Praying in Person for Japan

The trip to Japan fit Yuko Hirayama’s schedule perfectly. As a substitute teacher, she’d be on spring break. Formerly reluctant to do short-term missions in her parents’ native country, she felt called to this one, going as a member of Newsong’s prayer ministry team to encourage Japanese Christians. In January, she made plans to leave March 17 with a group of 10 people from the Irvine, Calif., church.

“We didn’t know the earthquake and tsunami would happen a week before our departure, but God knew,” Yuko says. “We prayed — and the church prayed — and we decided the timing was right. This was meant to be; God was calling us to go. We were offering a healing ministry, and the whole nation needed more healing than ever.”

The prayer team had accepted an invitation from a Japanese church to teach tools and techniques for healing prayer. “Japan has a high suicide rate and a performance-oriented society,” Yuko says. “I grew up in the Japanese culture, and we believe we’re not good enough. It can be hard for us to freely receive God’s gift of grace because we think we have to earn it. The prayer team wanted to share God’s grace with the Japanese church.”

Wearing bright blue shirts that said “Hope,” the team drew a lot of attention when they arrived in Tokyo. “Why are you here?” people asked. “What does hope mean?” “Why are you coming to Japan when so many others are leaving?”

“We told them, ‘God loves you and hasn’t forgotten about you,’” Yuko says. “‘You can always pray to this God who loves you and died for you.’ We gave them cross necklaces to remind them that God exists.”

The first day a young woman wanted to know what Yuko was doing. “We asked if we could pray for her,” Yuko says. “She agreed, and we learned the Japanese were willing to receive prayer. It was the first time I had ever prayed in public in Japanese for someone. I’m fluent, but I don’t know Christian language in Japanese, yet if flowed out of me. We prayed for many after that. Pastors in Japan see it as a time for revival and an opportunity to minister by sending relief supplies and showing Christ’s love.”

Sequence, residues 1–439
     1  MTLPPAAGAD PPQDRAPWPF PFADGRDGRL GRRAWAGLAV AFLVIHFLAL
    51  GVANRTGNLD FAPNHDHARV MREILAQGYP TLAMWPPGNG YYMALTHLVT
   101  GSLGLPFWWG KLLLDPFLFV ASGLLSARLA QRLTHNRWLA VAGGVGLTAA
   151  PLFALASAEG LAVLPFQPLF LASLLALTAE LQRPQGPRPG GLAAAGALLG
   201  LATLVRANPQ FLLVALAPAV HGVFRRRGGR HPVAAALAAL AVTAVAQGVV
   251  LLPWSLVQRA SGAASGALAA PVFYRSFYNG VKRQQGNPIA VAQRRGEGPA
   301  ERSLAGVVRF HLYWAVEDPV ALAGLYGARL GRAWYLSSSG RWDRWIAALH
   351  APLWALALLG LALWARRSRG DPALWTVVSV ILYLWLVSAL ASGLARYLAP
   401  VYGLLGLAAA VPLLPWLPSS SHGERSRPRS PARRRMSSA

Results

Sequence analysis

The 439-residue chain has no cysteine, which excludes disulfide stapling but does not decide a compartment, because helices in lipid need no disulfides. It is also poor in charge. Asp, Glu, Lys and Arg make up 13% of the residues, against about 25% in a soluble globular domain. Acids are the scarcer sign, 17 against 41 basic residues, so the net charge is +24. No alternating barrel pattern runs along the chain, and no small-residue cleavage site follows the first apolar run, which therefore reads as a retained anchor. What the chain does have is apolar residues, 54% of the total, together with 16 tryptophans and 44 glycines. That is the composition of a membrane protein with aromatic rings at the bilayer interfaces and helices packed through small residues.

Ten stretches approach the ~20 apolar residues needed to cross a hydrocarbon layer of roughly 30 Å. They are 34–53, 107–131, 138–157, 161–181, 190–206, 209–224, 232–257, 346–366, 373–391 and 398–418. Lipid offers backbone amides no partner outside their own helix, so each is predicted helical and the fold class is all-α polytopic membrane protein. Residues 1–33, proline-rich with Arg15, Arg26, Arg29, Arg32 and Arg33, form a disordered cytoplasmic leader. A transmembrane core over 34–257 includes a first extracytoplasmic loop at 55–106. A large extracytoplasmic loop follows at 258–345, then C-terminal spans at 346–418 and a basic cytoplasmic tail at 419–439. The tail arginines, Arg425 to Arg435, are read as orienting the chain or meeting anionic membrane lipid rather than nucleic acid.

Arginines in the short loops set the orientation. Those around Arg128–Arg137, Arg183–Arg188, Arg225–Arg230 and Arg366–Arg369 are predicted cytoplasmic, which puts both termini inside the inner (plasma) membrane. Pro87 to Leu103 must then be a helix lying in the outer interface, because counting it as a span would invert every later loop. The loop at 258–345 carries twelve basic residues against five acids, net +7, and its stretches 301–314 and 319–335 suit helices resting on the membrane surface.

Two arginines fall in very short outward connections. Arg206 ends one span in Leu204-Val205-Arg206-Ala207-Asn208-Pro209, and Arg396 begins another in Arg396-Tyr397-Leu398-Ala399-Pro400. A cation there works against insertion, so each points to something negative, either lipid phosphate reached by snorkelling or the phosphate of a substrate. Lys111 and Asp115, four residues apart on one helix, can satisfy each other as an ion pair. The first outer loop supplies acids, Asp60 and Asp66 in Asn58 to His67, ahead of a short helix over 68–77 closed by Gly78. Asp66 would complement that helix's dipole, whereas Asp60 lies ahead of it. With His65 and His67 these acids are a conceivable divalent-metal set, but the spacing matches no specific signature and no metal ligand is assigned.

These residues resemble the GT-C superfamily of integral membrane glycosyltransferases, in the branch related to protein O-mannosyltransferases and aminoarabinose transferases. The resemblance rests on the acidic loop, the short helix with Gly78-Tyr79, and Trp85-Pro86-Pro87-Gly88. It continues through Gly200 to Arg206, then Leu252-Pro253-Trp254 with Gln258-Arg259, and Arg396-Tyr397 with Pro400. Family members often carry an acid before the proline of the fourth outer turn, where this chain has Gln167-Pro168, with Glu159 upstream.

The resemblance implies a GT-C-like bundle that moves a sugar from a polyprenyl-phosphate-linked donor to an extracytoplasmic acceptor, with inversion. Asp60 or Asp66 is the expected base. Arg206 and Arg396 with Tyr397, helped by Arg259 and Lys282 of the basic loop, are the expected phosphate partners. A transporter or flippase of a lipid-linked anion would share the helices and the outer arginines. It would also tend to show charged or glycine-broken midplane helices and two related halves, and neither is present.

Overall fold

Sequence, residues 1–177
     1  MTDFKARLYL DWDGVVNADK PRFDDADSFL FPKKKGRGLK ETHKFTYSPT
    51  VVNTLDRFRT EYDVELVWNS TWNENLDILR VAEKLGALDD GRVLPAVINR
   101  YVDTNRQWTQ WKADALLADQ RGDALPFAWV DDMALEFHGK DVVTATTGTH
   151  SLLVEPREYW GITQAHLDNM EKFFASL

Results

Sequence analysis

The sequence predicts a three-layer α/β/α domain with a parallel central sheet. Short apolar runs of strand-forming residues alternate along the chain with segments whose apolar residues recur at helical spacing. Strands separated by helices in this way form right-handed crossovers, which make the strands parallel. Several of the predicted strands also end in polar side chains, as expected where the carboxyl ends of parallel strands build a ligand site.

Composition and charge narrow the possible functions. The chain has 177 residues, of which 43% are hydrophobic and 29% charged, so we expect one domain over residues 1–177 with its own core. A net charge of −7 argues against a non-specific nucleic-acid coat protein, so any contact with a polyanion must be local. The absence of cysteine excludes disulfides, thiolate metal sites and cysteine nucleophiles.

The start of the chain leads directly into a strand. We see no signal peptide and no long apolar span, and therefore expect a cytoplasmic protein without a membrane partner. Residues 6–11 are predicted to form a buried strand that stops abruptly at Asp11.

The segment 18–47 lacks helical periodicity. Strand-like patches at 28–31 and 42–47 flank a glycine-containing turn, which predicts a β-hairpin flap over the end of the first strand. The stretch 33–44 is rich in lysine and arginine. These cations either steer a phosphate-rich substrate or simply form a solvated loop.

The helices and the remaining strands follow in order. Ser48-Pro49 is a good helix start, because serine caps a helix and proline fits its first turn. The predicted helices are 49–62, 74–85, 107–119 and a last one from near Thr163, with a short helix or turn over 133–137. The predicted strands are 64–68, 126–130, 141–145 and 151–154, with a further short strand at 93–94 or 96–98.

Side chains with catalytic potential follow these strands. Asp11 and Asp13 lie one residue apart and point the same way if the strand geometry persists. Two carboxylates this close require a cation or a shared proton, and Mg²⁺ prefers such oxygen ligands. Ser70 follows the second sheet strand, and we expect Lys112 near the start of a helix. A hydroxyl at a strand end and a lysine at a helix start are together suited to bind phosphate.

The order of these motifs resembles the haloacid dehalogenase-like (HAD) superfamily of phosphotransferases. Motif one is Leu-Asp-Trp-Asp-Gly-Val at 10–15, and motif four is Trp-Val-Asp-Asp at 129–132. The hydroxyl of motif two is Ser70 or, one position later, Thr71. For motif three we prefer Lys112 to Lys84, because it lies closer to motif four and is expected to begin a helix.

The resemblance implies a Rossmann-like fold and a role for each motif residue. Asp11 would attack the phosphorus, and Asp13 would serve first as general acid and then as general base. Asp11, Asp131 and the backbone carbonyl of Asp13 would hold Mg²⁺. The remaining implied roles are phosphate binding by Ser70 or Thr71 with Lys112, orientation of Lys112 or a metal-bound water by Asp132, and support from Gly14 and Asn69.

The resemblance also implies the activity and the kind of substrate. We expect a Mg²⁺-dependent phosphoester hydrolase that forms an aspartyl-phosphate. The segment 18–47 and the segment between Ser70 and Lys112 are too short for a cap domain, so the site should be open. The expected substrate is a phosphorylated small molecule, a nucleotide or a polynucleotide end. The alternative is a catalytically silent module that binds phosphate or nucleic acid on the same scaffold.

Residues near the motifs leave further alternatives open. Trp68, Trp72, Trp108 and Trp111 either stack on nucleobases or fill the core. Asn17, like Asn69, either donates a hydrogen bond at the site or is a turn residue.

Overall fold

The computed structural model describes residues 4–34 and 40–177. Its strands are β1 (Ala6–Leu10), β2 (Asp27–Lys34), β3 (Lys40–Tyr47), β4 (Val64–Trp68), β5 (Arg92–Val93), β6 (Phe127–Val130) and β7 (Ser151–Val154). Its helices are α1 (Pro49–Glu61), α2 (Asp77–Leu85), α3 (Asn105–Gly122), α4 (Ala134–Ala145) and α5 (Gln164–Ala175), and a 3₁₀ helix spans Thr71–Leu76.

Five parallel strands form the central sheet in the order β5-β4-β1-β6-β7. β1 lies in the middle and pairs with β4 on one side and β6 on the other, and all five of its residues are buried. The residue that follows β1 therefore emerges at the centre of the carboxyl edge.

Traveling in Japan was unpredictable; flights were cancelled, and trains didn’t run. “Things were chaotic,” Yuko says. “But it was a huge blessing. It was worth going to express God’s love and plant some seeds — we trust God to take care of the rest.”

Yuko graduated from Westmont in 2008 with a major in political science and an emphasis in international relations. She led the Asian Student Association for two years and stayed a fifth year to earn a secondary teaching credential in mathematics. Europe Semester gave her a new perspective on education.

“Being exposed to so many opportunities to learn just by walking around and living was exciting,” she says. “I want to share that experience with high school students so they won’t take their education for granted. I want to share the joy and freedom of learning.” She is substituting until she gets a full-time job.

“Teaching has been rewarding,” she says. “Every day I pray that God will let me be a light in the classroom. I can’t talk about my faith, but I spend time with students and let them know I care. I go to their games, eat lunch with them, talk with them. It’s more than just teaching math – I want them to know that adults in their lives care about them.”

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